States can afford higher-quality assessments by reallocating the money they currently spend on tests, according to a new report.
"Developing Assessments of Deeper Learning: The Costs and Benefits of Using Tests That Help Students Learn," released yesterday, argues that states can replace as many as half the multiple-choice items on their current tests with essays and performance items without spending more than they currently do on testing, and they'd get assessments that offer good learning experiences for students and valuable feedback for teachers.
That argument might seem counterintuitive, since the big rap on essays and performance items—and much of what drove states away from them in recent years—has been the higher cost of scoring them. It's bedeviled the field, since many educators see these longer, more complex items and tasks not only as a more nuanced, authentic way to gauge student learning, but valuable experiences of learning in and of themselves, assuming they are designed well.
In the new study, co-authors Linda Darling-Hammond and Frank Adamson of Stanford University detail several kinds of cost savings that could be mined to support an assessment system that leans more heavily on performance tasks. One would be efficiencies realized through state collaborations like the two consortia that are developing tests for the common standards. Another would be computer delivery and scoring.
Another source of cost savings would be shifting funds currently spent on interim and benchmark testing, test-prep materials, and related data-management systemswhich the co-authors argue have been driven by No Child Left Behind's high-stakes accountability pressures—into more-heavily-performance-based assessment systems that include formative/diagnostic tools as well as tests that measure the results of learning.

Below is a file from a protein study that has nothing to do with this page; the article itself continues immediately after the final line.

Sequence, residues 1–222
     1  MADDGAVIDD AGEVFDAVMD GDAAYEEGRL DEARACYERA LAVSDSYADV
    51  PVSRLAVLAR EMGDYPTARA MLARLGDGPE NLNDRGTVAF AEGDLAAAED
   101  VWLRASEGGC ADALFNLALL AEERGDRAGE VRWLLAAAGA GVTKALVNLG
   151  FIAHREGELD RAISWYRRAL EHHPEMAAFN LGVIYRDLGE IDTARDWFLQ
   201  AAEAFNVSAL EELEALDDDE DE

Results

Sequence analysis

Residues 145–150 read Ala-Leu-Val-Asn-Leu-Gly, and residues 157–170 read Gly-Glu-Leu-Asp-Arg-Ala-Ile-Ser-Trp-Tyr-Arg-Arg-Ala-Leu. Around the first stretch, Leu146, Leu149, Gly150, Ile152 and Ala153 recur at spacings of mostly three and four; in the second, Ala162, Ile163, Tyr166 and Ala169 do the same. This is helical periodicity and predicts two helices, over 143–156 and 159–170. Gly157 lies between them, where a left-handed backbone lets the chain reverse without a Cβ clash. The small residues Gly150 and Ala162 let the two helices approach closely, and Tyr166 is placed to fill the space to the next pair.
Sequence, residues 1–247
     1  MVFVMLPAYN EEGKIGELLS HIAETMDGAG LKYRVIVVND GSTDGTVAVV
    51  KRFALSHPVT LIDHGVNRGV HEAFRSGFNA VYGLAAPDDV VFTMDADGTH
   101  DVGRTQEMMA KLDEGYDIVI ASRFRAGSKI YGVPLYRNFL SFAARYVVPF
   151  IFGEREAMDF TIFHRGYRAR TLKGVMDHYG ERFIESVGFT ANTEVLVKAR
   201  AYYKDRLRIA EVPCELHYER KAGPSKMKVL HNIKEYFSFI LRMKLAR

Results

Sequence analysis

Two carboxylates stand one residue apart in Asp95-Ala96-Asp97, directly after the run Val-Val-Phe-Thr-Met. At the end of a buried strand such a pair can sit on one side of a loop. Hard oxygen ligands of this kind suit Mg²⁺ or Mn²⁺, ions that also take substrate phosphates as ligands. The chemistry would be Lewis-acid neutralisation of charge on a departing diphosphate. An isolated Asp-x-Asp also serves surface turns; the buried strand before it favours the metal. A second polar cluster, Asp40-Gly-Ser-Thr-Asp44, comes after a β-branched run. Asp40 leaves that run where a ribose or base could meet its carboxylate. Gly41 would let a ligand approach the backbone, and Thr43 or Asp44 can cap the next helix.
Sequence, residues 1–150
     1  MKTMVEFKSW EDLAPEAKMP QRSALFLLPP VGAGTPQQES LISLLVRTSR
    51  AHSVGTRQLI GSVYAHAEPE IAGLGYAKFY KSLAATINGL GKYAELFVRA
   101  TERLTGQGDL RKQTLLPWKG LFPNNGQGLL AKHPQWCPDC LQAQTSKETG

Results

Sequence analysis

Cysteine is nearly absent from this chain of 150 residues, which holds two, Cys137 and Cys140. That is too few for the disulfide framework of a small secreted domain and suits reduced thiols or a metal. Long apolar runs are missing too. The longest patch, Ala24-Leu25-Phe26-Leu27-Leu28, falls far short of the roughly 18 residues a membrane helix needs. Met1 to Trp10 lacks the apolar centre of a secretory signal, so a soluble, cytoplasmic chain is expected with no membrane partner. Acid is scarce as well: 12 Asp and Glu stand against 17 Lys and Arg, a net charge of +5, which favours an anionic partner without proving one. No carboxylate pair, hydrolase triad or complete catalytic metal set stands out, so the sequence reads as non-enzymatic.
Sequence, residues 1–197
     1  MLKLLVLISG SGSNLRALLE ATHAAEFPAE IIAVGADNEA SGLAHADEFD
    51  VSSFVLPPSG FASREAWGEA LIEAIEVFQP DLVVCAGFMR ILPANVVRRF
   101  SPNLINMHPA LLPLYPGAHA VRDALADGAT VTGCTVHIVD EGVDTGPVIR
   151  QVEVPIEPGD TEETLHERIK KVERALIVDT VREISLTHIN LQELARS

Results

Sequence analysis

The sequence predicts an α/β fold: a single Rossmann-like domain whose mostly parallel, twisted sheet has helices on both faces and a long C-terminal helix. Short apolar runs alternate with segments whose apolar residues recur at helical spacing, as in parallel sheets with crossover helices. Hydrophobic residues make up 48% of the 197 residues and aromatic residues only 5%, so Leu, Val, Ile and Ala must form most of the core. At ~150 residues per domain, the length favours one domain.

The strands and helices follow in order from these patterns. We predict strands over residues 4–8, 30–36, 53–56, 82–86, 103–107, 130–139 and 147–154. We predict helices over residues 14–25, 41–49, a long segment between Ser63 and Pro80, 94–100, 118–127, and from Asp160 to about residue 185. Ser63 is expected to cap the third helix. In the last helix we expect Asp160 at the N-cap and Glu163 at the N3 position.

Additional cost savings could be realized by using teachers, rather than vendors, to score parts of the tests that aren't well suited for computer scoring, Darling-Hammond and Adamson argue. And that involvement would have another, important benefit, they say: It would provide valuable professional development for the teachers.
The Assessment Solutions Group, for instance, found that states spend, on average, $20 to $25 per student on the summative tests required by No Child Left Behind in math and English/language arts. Testing in additional subjects and grades can add another $10 per student. And districts spend an additional $15 to $20 per student on interim and benchmark tests, pushing total per-student costs on testing to $35 to $55, ASG found.
ASG calculated that a state could develop and administer a "high-quality assessment"—defined as replacing half its multiple-choice items with essays and performance tasks—for $55.67, but taking advantage of a variety of cost-savings mechanisms, such as computer delivery and scoring, teacher scoring, and collaboration with other states, could bring that price down to $21.19.
Darling-Hammond and Adamson argue that the price estimates from the two assessment consortia, Smarter Balanced—which Darling-Hammond advises—and PARCC are affordable to states because their initial pricing estimates were $18 to $25 per student for the summative tests and $7 to $8 for the additional, optional interim/diagnostic tools.
Those consortia pricing estimates, by the way, come from the Assessment Solutions Group's 2012 report. The sourcing for those figures lacked citations, however, so I called lead author Barry Topol. He told me they were the original cost estimates ASG created for the two consortia's applications for federal Race to the Top funding, back in 2010.
PARCC officials tell me they have not updated their pricing estimates since then, but they anticipate doing so later this spring. Smarter Balanced, whose original estimates were $19.81 for summative and $7.50 for formative/diagnostic, now projects $22 per student for the summative tests only, and $5 more for a package that includes summative tests and interim/formative tools.